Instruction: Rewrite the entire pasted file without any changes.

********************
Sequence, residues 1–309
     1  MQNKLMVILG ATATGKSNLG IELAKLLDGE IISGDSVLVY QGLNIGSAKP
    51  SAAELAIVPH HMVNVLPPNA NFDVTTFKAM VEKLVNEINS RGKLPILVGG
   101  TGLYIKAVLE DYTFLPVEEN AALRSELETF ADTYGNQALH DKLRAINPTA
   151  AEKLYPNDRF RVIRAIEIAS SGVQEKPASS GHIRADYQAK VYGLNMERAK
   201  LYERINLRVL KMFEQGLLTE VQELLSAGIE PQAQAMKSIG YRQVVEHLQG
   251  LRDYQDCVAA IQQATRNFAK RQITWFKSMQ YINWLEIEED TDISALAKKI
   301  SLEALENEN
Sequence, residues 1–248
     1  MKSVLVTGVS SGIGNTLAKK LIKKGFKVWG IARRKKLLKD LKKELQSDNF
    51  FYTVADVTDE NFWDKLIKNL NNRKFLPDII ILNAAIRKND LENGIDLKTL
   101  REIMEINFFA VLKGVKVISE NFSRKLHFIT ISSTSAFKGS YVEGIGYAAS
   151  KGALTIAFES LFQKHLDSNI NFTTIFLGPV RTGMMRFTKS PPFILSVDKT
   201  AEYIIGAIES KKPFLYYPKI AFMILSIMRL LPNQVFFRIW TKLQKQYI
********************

Sequence, residues 1–309
     1  MQNKLMVILG ATATGKSNLG IELAKLLDGE IISGDSVLVY QGLNIGSAKP
    51  SAAELAIVPH HMVNVLPPNA NFDVTTFKAM VEKLVNEINS RGKLPILVGG
   101  TGLYIKAVLE DYTFLPVEEN AALRSELETF ADTYGNQALH DKLRAINPTA
   151  AEKLYPNDRF RVIRAIEIAS SGVQEKPASS GHIRADYQAK VYGLNMERAK
   201  LYERINLRVL KMFEQGLLTE VQELLSAGIE PQAQAMKSIG YRQVVEHLQG
   251  LRDYQDCVAA IQQATRNFAK RQITWFKSMQ YINWLEIEED TDISALAKKI
   301  SLEALENEN
Sequence, residues 1–248
     1  MKSVLVTGVS SGIGNTLAKK LIKKGFKVWG IARRKKLLKD LKKELQSDNF
    51  FYTVADVTDE NFWDKLIKNL NNRKFLPDII ILNAAIRKND LENGIDLKTL
   101  REIMEINFFA VLKGVKVISE NFSRKLHFIT ISSTSAFKGS YVEGIGYAAS
   151  KGALTIAFES LFQKHLDSNI NFTTIFLGPV RTGMMRFTKS PPFILSVDKT
   201  AEYIIGAIES KKPFLYYPKI AFMILSIMRL LPNQVFFRIW TKLQKQYI